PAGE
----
MINNEAPOLIS (AP) — Having emerged revitalized from the dark shadows of a cancer diagnosis in 2011, Kevin Lines just might be the miracle worker Minnesota pheasants need.
The astonishing comeback this week of Lines, 60, to the front lines of wildlife conservation didn’t earn quite the same response that another Kevin did when he rejoined the Timberwolves on Wednesday night.
But Lines’ story, itself a tale of teamwork and long shots, is no less inspiring.
Lines, who retired in 2012 from the Minnesota Board of Water and Soil Resources (BWSR) after being diagnosed with non-Hodgkin lymphoma, on Monday began spearheading what ringneck enthusiasts hope is an ambitious public-private effort to restore Minnesota’s pheasants.
Roadside surveys last August showed pheasants 58 percent below the 10-year state average and 71 percent below the long-term average. Habitat loss due to intensive farming is the main culprit.
“The last thing I wanted to do was retire,” Lines said. “But my cancer had morphed into an aggressive form, and my doctors and family thought it best that I focus on my health.”
Thus Lines — who grew up in Milaca, Minn., and earned a wildlife management degree at the U — walked out on 38 years of resource management at the Department of Natural Resources as well as BWSR.
When he retired, his blood type was O negative. Now, after a successful stem cell transplant at the U, Lines’ blood type is B positive.
But nothing has changed about his widely acknowledged dedication to the state’s woods, waters and fields.
“The doctors said my main problem was that my immune system wasn’t working correctly,” Lines said. “They believed a stem cell transplant would help.”
But none of his siblings had the very specific match required of willing donors. So Lines, like thousands of others in similarly dire circumstances, placed his name on a national registry.
For many people, the story ends there. No match. No miracle.
But in late November 2012, Lines received a phone call, saying a match had been found.
“They wanted to know if I wanted to go ahead and I said, ‘Definitely,’?” Lines said. “The donor had to agree also, and would have to go into a hospital and miss some work. Also, the bone marrow extraction process is somewhat painful. But he agreed to do it right away.”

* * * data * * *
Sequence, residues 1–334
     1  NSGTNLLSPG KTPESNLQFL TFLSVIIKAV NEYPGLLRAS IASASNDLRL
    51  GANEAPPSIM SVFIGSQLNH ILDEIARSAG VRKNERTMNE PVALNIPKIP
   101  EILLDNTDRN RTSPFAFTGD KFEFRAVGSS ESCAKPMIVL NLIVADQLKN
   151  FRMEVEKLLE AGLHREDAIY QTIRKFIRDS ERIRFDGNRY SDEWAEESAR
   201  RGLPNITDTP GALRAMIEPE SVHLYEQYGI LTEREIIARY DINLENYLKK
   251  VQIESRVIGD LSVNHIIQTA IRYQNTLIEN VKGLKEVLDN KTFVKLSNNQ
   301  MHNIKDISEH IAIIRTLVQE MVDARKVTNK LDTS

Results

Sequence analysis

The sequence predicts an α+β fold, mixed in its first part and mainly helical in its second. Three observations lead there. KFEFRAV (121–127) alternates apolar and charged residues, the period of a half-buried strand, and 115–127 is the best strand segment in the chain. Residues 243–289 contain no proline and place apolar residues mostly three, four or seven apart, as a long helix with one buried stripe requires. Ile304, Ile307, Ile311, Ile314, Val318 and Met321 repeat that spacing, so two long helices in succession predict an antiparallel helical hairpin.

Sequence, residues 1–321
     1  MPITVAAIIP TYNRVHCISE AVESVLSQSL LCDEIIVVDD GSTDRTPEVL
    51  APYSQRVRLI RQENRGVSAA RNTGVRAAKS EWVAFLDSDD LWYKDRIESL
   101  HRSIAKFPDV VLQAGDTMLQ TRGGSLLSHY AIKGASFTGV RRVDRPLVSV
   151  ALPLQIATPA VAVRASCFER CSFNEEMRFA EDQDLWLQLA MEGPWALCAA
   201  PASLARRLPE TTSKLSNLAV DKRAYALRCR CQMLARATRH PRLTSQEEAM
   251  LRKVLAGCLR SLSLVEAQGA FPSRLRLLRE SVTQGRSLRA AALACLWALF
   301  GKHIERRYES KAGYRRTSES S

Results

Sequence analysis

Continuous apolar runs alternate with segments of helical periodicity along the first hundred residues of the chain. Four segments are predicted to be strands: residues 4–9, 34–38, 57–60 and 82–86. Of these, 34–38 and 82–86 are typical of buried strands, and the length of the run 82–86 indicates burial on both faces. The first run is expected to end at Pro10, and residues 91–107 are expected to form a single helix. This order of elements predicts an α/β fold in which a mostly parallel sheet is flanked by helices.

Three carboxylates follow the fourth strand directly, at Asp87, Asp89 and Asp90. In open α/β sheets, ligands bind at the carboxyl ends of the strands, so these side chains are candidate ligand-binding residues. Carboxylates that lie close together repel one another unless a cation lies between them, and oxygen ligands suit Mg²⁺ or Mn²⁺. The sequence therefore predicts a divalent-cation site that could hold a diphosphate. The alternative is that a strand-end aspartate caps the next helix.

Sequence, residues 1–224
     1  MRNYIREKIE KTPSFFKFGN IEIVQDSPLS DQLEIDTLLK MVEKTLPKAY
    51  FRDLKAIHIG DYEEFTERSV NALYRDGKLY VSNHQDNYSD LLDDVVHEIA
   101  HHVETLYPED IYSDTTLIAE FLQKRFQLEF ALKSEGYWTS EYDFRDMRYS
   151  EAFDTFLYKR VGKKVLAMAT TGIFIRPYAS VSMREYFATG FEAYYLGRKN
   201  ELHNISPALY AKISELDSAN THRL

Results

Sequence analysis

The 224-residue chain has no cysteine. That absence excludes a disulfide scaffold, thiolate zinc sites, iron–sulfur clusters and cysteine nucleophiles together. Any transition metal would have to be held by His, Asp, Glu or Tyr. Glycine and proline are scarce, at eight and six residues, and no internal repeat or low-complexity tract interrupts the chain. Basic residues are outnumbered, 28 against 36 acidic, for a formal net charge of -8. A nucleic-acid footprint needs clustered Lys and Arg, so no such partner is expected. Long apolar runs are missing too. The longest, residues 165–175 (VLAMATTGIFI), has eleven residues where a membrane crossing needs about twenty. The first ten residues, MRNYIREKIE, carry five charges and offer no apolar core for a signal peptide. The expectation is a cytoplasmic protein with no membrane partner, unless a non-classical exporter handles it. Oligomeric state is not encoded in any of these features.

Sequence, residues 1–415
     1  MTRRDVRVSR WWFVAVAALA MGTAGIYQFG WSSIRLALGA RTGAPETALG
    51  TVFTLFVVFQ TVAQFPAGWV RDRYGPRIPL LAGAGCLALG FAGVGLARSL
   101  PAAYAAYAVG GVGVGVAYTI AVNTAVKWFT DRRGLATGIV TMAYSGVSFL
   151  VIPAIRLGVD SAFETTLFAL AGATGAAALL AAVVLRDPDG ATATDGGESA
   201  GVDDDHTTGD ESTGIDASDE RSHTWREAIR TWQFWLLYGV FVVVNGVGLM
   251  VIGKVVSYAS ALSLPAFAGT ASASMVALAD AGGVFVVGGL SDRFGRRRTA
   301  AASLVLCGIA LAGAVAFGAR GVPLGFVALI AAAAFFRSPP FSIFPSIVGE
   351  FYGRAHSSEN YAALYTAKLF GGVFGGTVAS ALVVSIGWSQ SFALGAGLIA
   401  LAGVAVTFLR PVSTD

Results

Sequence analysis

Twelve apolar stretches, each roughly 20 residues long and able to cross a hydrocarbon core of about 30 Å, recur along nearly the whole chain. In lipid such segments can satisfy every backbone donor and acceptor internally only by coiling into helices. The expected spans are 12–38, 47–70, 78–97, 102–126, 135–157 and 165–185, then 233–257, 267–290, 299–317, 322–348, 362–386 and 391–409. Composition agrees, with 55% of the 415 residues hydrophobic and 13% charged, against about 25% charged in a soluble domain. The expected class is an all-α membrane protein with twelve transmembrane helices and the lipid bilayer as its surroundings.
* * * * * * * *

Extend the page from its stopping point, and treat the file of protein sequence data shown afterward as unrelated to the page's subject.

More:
On Dec. 11, 2012, Lines was admitted to the U hospital, under the care of a team led by oncologist Dr. Celalettin Ustun. Given five straight days of chemotherapy, followed by a day of radiation, all intended to kill his bone marrow, he was ready on the seventh day for the transplant.
“It didn’t hurt,” he said. “It was about the same as a blood transfusion.”
In the weeks, months and years since, Lines has been on the mend.
“Until a year after the procedure, they won’t give you information about who the donor was,” Lines said. “When that time came, I asked, and the donor also had to be asked, and when he said, ‘Yes,’ I was given his name and phone number. I called right away.”
No one answered. Lines left a message.
A return call came immediately.
On the line was Jason Johnson, then 38, who lives in a small Kentucky town. The two have since become fast friends, and on June 29 of last year, Johnson, his wife Jennifer, and their two daughters, Kaylea and Kenzie, were among a throng of friends and family who surprised Lines and his wife, Mindy, on their 40th wedding anniversary.
“This summer, our family will head to Kentucky to meet Jason’s friends and family,” Lines said.
But first, there’s pheasant work to be done.
And Lines’ extensive background as a private lands habitat manager and wildlife supervisor makes him an ideal choice to lead the way.
So Lines this week began his second career at the DNR’s St. Paul headquarters, sitting at a desk only 20 feet from where he had earlier spent 10 years of his work life.
His job, along with other state resource and agriculture experts, as well as those from private conservation groups, is to develop a master plan for state pheasant recovery, and coordinate its implementation.
“We know this project is important, and we know Gov. Dayton wants to get it done,” Lines said. “This is the kind of work I’ve done for a long time, and I can get up to speed quickly on it.
“It’s a miracle, really, that I can even come back to work. I think I can make a difference.”
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